The mofo guide to | Clare Valley
Clare Valley - is there no end to your talents? A unique mish-mash of soil types and growing conditions, thrown into a melting pot of vibrant, exciting and innovative winemaking. Where do we even start? Here’s a run down of the need-to-know.
We’ll spare you the full geological history covering just, you know, a casual 800 million years - but the real secret of the Clare Valley is amongst the 11 different recognised soil types in the region, formed by rocks that have broken down, eroded, weathered and settled on a repeat cycle since Precambrian times.
Although technically the picturesque rolling hills sit in a “warm” climate, the relative altitude, and therefore colder nights (seriously, sometimes a difference of 40°C between day and night temperatures!) means it’s capable of developing complexity and balance in the grapes. If you’re wondering why aromatic white wines fare so well here, you’ve just got your answer.
Shiraz and riesling lead the way in the Clare Valley, together representing two-thirds of all plantings. Cabernet sauvignon is another popular kid here, with about 20% of the plantings, followed by merlot and chardy together representing a further 10%.
So what’s the remaining slice of the pie? That’s part of the fun of Clare - with all of those different soil types and altitudes contributing to the generous growing conditions, there’s a wide variety of grapes that make up the rest: grenache, malbec, pinot grigio, grenache, semillon, tempranillo and sangiovese are just a few of the varieties making the region’s diverse picture. Imagine the winemaker's joy with so many varieties at hand to showcase the great possibilities of this region’s terroir.
Given what we’ve told you about the region so far, it kind of feels like sacrilege to try and describe a “classic” wine, given the possibilities and variations of the growing conditions, never mind what the winemaker is trying to create. That being said, here’s a rough guide of what you can expect to find.
What's Clare Valley renowned for, if not for rizza? Well, maybe also its shiraz, but we’ll get to that in a sec. That long ripening period and cool nights fill Clare Valley riesling with its classic zingy, zesty lemon and lime citrus, and mouth-watering, lip-smacking racy acidity. Stainless steel is often used in this style of winemaking from start to finish in order to preserve as much of that freshness as possible. Fresh, vibrant, classically Clare - but also capable of being cellared to develop complexity too, if you can wait that long.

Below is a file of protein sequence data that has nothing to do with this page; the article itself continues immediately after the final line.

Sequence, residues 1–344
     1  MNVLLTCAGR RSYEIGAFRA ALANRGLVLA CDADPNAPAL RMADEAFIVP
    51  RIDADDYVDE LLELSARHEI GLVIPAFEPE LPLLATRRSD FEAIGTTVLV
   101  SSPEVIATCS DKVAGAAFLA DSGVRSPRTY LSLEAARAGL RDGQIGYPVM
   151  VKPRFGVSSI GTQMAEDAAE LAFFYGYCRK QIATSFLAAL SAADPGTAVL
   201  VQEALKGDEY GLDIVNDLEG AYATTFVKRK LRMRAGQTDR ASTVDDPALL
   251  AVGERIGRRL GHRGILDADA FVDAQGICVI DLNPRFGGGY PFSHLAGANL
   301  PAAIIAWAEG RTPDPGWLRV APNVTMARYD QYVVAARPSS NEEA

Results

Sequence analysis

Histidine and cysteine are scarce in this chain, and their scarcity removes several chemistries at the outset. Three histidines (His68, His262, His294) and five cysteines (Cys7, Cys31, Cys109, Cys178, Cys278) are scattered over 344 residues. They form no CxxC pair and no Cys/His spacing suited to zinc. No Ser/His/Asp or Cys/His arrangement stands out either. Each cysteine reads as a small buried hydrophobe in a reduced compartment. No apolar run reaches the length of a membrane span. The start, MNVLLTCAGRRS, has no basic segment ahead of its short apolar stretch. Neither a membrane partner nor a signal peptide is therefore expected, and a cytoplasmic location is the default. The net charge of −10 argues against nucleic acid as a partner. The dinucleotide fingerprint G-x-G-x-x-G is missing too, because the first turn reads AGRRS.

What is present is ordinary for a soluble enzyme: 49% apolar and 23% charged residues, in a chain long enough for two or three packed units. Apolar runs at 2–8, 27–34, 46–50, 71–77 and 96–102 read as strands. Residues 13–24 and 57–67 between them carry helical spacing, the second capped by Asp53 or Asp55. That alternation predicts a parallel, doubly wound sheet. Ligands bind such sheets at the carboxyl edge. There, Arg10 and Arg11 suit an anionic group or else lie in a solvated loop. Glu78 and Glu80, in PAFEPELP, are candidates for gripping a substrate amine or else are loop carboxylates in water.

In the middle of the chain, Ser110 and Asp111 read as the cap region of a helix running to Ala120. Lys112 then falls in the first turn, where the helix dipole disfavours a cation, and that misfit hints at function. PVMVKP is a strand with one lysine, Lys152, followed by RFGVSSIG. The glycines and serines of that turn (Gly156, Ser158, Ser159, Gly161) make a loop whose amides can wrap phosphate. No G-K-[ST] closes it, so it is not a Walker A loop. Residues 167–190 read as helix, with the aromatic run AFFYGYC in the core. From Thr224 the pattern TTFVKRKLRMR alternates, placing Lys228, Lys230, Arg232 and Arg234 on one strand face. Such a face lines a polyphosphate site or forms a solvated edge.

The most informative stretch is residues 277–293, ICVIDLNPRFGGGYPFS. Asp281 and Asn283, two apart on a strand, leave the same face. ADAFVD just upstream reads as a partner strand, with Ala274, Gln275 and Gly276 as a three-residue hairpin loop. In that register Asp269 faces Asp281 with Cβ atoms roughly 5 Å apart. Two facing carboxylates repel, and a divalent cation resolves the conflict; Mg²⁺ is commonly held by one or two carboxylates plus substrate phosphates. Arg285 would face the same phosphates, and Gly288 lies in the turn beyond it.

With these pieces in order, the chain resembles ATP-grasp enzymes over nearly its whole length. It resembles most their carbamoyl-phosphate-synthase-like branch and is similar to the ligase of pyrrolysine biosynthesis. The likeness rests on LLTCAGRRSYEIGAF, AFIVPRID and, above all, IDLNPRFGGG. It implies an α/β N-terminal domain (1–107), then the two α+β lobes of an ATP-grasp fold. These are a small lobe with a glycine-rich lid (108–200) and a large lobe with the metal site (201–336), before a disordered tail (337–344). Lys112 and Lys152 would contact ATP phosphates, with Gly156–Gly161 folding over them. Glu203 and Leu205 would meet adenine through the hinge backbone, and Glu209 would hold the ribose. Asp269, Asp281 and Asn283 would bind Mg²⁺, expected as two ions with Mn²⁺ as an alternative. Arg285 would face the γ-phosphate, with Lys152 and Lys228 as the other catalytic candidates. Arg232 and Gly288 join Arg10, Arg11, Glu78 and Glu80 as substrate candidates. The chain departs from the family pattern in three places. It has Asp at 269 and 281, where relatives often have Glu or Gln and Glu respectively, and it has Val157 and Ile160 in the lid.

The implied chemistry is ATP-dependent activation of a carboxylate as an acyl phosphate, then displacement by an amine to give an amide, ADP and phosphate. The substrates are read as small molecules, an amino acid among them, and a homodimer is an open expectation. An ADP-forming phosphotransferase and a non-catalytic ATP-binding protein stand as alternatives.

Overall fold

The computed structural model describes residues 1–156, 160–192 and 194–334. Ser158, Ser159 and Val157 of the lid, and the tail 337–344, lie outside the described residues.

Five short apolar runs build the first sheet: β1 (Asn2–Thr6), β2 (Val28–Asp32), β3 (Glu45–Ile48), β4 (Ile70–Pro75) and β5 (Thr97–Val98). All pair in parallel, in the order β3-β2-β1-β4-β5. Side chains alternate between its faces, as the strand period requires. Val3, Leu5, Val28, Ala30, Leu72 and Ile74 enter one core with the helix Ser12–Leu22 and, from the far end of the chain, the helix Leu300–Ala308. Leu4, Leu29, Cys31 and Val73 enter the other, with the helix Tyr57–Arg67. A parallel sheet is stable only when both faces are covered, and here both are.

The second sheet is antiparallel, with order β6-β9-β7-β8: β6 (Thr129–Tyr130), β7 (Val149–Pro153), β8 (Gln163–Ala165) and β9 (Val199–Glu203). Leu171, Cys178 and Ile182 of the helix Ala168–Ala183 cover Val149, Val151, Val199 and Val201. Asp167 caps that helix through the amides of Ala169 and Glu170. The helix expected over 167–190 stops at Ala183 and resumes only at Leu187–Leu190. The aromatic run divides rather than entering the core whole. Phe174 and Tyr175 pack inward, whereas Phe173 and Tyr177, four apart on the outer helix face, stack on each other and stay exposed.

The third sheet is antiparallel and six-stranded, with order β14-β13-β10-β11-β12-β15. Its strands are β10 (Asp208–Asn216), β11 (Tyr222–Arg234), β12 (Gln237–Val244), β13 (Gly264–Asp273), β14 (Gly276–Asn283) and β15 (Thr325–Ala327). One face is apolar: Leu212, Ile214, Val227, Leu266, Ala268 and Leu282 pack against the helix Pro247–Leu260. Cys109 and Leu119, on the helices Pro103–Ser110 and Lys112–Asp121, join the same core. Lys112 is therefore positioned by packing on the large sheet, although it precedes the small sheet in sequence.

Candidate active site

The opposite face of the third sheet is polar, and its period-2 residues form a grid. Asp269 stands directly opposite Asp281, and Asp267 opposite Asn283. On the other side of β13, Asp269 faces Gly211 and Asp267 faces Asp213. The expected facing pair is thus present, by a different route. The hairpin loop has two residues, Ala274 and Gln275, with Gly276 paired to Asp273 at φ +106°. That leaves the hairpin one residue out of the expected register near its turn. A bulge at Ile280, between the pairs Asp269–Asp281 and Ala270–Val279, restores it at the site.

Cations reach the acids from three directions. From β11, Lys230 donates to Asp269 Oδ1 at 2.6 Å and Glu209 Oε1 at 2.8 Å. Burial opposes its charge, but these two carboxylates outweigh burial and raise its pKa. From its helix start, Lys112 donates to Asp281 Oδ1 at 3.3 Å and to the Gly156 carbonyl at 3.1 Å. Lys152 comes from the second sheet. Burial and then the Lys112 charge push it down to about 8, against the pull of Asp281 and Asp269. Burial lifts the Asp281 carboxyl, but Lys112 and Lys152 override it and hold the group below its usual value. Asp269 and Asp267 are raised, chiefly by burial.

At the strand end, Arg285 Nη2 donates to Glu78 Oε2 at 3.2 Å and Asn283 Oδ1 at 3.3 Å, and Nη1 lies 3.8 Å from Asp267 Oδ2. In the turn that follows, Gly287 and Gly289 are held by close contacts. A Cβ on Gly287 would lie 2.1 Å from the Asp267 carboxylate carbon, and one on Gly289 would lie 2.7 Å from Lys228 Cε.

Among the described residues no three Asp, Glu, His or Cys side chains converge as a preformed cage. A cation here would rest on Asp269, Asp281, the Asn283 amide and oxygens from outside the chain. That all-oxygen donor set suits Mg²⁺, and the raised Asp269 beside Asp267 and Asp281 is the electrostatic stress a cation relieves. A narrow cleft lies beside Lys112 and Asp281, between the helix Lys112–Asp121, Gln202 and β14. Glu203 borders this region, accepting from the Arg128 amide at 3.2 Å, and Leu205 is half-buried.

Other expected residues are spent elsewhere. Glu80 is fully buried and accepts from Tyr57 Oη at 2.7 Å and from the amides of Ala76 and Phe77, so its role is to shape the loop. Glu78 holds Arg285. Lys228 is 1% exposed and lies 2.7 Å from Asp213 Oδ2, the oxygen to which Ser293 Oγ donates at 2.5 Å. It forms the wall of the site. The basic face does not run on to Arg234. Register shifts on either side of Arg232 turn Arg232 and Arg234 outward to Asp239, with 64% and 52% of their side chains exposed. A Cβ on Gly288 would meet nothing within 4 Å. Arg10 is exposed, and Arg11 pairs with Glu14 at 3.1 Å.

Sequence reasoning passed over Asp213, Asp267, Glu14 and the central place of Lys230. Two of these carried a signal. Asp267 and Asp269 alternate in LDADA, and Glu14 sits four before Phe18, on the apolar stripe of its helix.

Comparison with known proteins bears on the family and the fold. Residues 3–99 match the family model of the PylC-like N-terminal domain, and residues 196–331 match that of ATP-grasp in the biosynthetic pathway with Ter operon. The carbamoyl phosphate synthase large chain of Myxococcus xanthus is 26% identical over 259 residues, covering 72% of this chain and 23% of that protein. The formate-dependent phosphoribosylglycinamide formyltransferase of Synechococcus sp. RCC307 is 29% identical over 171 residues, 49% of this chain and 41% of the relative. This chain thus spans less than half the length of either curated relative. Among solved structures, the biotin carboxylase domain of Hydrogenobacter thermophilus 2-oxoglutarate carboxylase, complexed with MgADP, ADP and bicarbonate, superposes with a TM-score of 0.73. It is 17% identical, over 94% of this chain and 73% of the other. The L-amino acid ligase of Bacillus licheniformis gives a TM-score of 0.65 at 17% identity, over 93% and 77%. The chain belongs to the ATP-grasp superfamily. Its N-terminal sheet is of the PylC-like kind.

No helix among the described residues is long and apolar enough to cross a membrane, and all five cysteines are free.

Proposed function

Fact to nerd out on: Producers in the Clare Valley were the first in Australia to move to screw cap closures, before it became the standard.
Shiraz in the Clare Valley makes the most of those warm day in the SA sun to develop its juicy fruit character (think blackberry, black cherry, plum) , but here it gets the chance to cool off during the cool evenings, ensuring it retains that balancing acidity which gives Clare Valley shiraz a typically lighter spectrum of flavours and higher levels of delicate aromas than those big guns of the Barossa. Did someone say age-worthy? That’s right, that natural acidity and abundantly complex flavours mean that these wines need very little help to ensure they’ve got the stamina to endure a long cellar time.
One of those 11 soils types in the Clare Valley is “terra rossa”, aka. the red dirt you might also come across in Coonawarra, one of the most iconic homes for Australian cab sav. In the Clare Valley cabernet sauvignon has the same classic profile you’ve come to expect: cassis, blackberry, dark cherry - although with a bit more restraint thanks to that altitude and cooler nights. You might find it by itself, or paired up with some blending buddies too. Did we mention the iconic Clare Valley blend - cabernet malbec?
Keen for some Clare Valley specials? No worries - browse out latest gems in stock here.